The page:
Welp, The Reviews of The New Mutants Are In … | The Mary Sue
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Welp, The Reviews of The New Mutants Are In …

Number four will not shock you

 

new mutants

After literal years of waiting, reshoots and changes, two studios, and a literal pandemic, The New Mutants is finally in theaters. Not many theaters, of course, because of that whole continuing global pandemic thing. But it’s out and the reviews are … well, just about as good as you might expect from a movie that was delayed several years before release.

As of this writing, superhero-horror mash-up boasts a truly horrifying 23% fresh rating on Rotten Tomatoes, from critics with a slightly better 52% fresh rating from audiences. Not great! But what are the critics who were brave enough to see the movie saying?

Well, Amy Nicholson at The New York Times calls the film “all buildup and no bang” which feels appropriate for a movie that was filmed in 2017 and languished for years. It sounds like the movie is a mix of teen rebellion tropes, weird mutant stuff but none of it is compelling? “But the plot needs more pep,” Nicolson writes. “Most of the running time is allotted to the inpatients and their shame over powers that brought them under the good doctor’s thumb.”

New Mutants doesn’t sound terrible, but it doesn’t sound good either. Peter Debruge of Variety explains: “Re-shot, re-cut and somehow rescued from total obscurity, Boone’s movie isn’t half bad. Alas, it’s not half good either.” The teen mutants on Shutter Island plot seems novel (and appropriate given that it was filmed at the same location) but it might not work for a movie where the “mutants as societal outcasts) metaphor is made pretty literal. “Boone isn’t as clear about how to treat his characters’ so-called gifts. (That said, this is the first Marvel movie to depict an openly queer relationship, giving Dani a lesbian love interest.)”

I am somewhat disappointed that our first explicitly queer love story in a major super-hero film is coming along in a film that’s going to to get buried after years of delay and has screwed up in many other ways. ” What was intended to establish the foundation for a possible standalone trilogy plays like an elaborate pilot for a series you’d never watch, and while the production values are slick, the performances and set-pieces have the awkwardness of cable TV,” Debruge writes.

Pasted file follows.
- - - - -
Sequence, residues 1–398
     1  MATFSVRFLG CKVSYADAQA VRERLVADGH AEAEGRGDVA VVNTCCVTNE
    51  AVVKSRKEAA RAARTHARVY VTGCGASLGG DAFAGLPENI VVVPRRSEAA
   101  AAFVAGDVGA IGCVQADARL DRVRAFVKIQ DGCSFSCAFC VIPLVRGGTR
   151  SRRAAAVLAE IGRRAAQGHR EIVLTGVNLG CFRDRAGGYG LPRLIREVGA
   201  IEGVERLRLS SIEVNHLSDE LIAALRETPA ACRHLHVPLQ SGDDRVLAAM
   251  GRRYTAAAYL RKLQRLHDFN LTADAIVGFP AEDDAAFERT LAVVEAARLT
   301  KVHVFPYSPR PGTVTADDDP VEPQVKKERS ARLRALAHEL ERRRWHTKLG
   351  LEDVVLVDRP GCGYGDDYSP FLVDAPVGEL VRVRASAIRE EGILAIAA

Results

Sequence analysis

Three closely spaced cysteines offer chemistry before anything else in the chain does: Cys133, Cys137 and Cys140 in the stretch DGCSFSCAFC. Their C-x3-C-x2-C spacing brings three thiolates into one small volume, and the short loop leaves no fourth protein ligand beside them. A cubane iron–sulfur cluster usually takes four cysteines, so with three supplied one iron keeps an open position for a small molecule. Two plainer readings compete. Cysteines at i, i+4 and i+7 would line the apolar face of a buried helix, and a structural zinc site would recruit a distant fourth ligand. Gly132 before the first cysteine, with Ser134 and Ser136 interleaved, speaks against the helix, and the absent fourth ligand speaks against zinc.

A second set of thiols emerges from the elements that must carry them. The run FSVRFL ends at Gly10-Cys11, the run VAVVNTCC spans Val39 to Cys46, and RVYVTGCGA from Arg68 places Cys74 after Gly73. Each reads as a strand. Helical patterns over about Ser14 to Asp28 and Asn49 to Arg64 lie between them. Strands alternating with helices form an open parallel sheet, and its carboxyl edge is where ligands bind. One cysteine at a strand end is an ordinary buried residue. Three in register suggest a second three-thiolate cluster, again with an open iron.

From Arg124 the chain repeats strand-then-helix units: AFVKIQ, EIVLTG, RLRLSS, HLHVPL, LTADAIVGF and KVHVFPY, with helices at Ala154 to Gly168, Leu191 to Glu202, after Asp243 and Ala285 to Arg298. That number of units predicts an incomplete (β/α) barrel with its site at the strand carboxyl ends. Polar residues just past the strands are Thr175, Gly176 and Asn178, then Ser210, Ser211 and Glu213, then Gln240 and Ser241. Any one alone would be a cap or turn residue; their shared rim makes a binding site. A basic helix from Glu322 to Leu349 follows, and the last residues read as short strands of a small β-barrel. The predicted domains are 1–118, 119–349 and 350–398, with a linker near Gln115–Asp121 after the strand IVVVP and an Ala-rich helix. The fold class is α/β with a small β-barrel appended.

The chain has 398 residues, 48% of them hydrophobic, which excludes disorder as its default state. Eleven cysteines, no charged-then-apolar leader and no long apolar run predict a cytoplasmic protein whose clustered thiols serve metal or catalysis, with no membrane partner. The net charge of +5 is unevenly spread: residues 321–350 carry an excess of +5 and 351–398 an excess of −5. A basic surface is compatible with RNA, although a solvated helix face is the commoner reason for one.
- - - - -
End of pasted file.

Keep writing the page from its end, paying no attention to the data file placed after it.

He’s far kinder than Forbes, which was out of the gate with a scathing review that Maisie Williams herself joked about on Twitter.

Forbes’s Scott Mendelson starts things out with a totally reasonable and not at all over-dramatic critique of where this film stands in relation to the overall X-Men Franchise: “Fox (and now Disney’s) groundbreaking (if inconsistent) X-Men franchise deserved a better send-off than this nothing-burger of a movie.” He goes on to explain:

It’s a monotonous, redundant and irrelevant fantasy flick that fails to commit to being a teen melodrama, a YA fantasy or a horror movie, instead offering half-assed components of all three. Despite a strong cast, the all-too-rare presence of an LGBTQIA romance between two lead characters and a few moments of visual inventiveness, Josh Boone and Knate Lee’s The New Mutants boils down to being, yes, a terrible feature-length prequel for a sequel that absolutely no one will ever want to see.

Welp.

Jordan Mintzer at The Hollywood Reporter has a similar take:

Generic and, at its best, straining to be heartfelt, director Josh Boone’s adaptation of the Marvel spinoff comic series is a Marvel movie spinoff in its own right, making vague references to the X-Men franchise but attempting to stand on its own. Unfortunately, it rarely does, even if the film’s trio of young and tough female leads manages to give your typically male-dominated genre something of a feminine twist.

So, overall it doesn’t quite sound like this is the movie that’s going to get anyone rushing back to theaters; nor should it be given that seeing movies in theaters just doesn’t seem very safe at all right now. But I do personally plan to check it out when it’s available to rent or stream. As much of a trainwreck it sounds like in many ways, I am curious to see how Josh Boone mixed horror and superheroes and I want to see a lesbian story in an X-Men adjacent movie for sure.

Have you seen The New Mutants, Suvians? What did you think and if not, will you see it this weekend?

(image: Fox/Disney)

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Jessica Mason (she/her) is a writer based in Portland, Oregon with a focus on fandom, queer representation, and amazing women in film and television. She's a trained lawyer and opera singer as well as a mom and author.